This finale might be the most intense event of the competition. Contestant judges must review randomly drawn draft briefs to find spelling and grammatical errors using only their own eyes and a pencil. Not only would this allow color commentary and replays of slashing red pencils, it might also qualify for CLE for any lawyer watching.

Overall, the quality of a court system is the dedication and devotion of its judges. That will never be a problem because our judges continually re-commit themselves to operating courts with competence, diligence, promptness, patience, courtesy and respect. Despite challenges to government resources everywhere, our courts will be on the job even if we run out of copy paper. •

__________

Judge David J. Dreyer has been a judge for the Marion Superior Court since 1997. He is a graduate of the University of Notre Dame and Notre Dame Law School. He is a former board member of the Indiana Judges Association. The opinions expressed are those of the author.

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  1. "Am I bugging you? I don't mean to bug ya." If what I wrote below is too much social philosophy for Indiana attorneys, just take ten this vacay to watch The Lego Movie with kiddies and sing along where appropriate: https://www.youtube.com/watch?v=etzMjoH0rJw

  2. I've got some free speech to share here about who is at work via the cat's paw of the ACLU stamping out Christian observances.... 2 Thessalonians chap 2: "And we also thank God continually because, when you received the word of God, which you heard from us, you accepted it not as a human word, but as it actually is, the word of God, which is indeed at work in you who believe. For you, brothers and sisters, became imitators of God’s churches in Judea, which are in Christ Jesus: You suffered from your own people the same things those churches suffered from the Jews who killed the Lord Jesus and the prophets and also drove us out. They displease God and are hostile to everyone in their effort to keep us from speaking to the Gentiles so that they may be saved. In this way they always heap up their sins to the limit. The wrath of God has come upon them at last."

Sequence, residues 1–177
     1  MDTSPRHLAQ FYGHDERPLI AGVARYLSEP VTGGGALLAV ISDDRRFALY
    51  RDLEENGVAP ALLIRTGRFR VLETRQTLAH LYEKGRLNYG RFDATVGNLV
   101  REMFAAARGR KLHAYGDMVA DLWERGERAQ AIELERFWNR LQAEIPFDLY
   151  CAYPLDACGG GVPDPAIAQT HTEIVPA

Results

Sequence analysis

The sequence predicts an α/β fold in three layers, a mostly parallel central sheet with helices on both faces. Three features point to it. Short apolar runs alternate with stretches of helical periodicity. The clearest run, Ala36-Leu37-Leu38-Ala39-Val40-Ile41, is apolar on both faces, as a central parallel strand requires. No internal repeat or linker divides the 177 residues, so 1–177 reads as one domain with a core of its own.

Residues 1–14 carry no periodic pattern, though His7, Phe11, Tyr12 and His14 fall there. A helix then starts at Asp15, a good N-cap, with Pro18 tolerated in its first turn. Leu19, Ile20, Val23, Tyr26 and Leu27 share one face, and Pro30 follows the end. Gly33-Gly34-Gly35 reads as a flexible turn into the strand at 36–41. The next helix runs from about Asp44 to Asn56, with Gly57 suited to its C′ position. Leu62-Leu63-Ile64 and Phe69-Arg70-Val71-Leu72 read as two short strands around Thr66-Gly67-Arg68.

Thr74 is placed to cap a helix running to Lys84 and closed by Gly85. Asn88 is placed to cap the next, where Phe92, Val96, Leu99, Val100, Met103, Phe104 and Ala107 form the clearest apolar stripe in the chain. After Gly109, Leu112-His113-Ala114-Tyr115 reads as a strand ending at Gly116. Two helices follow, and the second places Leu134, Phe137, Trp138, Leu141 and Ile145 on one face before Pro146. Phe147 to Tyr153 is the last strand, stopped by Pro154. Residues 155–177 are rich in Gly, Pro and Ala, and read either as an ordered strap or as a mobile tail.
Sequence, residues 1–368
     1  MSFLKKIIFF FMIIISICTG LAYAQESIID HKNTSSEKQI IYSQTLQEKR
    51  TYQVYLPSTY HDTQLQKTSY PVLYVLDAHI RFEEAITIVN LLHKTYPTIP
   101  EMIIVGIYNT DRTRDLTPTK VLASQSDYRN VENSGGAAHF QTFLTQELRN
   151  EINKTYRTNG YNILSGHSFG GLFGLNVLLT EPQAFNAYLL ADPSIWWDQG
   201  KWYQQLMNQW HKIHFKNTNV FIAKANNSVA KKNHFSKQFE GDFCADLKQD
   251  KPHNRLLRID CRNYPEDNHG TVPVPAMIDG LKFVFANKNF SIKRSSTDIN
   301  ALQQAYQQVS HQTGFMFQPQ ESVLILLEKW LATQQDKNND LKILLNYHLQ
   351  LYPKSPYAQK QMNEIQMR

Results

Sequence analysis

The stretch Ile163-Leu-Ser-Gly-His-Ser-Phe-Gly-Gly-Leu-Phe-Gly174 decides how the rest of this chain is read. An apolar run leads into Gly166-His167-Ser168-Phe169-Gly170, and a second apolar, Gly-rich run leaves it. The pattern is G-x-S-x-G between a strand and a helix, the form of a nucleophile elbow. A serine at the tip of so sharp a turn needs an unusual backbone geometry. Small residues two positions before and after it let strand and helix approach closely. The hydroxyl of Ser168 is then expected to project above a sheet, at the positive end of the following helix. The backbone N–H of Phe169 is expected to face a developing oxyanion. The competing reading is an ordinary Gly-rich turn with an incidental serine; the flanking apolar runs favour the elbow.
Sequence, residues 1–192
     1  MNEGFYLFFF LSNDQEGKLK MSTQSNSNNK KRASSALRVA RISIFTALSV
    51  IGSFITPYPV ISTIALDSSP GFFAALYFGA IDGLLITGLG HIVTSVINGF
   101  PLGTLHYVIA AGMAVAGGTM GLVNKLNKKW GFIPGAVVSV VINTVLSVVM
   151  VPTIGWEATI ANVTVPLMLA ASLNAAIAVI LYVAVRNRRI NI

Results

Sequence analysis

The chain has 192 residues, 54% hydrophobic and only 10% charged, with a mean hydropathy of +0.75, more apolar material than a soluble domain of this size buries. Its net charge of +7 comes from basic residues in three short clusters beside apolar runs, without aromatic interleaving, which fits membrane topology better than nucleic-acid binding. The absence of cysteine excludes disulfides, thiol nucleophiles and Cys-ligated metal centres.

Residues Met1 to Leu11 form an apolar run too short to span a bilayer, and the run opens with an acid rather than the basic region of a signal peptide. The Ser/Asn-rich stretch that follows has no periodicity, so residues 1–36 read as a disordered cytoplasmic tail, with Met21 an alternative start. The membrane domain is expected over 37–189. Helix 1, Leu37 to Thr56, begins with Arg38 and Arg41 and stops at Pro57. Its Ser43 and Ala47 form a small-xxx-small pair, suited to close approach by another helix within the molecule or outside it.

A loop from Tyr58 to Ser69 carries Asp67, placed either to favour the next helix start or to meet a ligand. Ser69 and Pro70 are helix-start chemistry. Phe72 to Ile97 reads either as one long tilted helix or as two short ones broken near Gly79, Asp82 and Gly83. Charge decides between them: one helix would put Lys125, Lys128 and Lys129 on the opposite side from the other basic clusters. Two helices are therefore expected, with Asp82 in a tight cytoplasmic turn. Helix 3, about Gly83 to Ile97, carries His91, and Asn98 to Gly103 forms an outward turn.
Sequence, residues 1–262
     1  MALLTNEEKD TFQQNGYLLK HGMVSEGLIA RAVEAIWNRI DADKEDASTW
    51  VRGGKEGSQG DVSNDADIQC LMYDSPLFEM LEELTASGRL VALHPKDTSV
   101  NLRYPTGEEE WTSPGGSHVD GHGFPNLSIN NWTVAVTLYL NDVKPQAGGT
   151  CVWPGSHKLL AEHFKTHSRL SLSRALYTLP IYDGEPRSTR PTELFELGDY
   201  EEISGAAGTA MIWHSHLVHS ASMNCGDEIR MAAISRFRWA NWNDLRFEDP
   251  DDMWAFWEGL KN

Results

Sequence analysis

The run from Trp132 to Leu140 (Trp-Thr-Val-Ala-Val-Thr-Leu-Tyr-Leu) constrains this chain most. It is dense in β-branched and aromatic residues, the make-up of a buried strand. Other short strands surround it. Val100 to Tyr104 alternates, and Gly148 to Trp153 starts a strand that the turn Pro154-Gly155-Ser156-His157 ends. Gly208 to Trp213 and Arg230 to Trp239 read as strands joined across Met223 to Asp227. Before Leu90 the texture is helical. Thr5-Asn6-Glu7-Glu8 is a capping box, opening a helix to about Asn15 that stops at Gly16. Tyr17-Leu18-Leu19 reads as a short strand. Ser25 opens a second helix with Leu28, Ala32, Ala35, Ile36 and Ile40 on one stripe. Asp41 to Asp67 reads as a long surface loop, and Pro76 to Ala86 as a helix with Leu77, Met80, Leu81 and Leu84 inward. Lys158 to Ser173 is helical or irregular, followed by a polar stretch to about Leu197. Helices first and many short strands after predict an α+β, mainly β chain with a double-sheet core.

3. Did someone not tell people who have access to the Chevy Volts that it has a gas engine and will run just like a normal car? The batteries give the Volt approximately a 40 mile range, but after that the gas engine will propel the vehicle either directly through the transmission like any other car, or gas engine recharges the batteries depending on the conditions.

  4. Catholic, Lutheran, even the Baptists nuzzling the wolf! http://www.judicialwatch.org/press-room/press-releases/judicial-watch-documents-reveal-obama-hhs-paid-baptist-children-family-services-182129786-four-months-housing-illegal-alien-children/ YET where is the Progressivist outcry? Silent. I wonder why?

  5. Thank you, Honorable Ladies, and thank you, TIL, for this interesting interview. The most interesting question was the last one, which drew the least response. Could it be that NFP stamps are a threat to the very foundation of our common law American legal tradition, a throwback to the continental system that facilitated differing standards of justice? A throwback to Star Chamber’s protection of the landed gentry? If TIL ever again interviews this same panel, I would recommend inviting one known for voicing socio-legal dissent for the masses, maybe Welch, maybe Ogden, maybe our own John Smith? As demographics shift and our social cohesion precipitously drops, a consistent judicial core will become more and more important so that Justice and Equal Protection and Due Process are yet guiding stars. If those stars fall from our collective social horizon (and can they be seen even now through the haze of NFP opinions?) then what glue other than more NFP decisions and TRO’s and executive orders -- all backed by more and more lethally armed praetorians – will prop up our government institutions? And if and when we do arrive at such an end … will any then dare call that tyranny? Or will the cost of such dissent be too high to justify?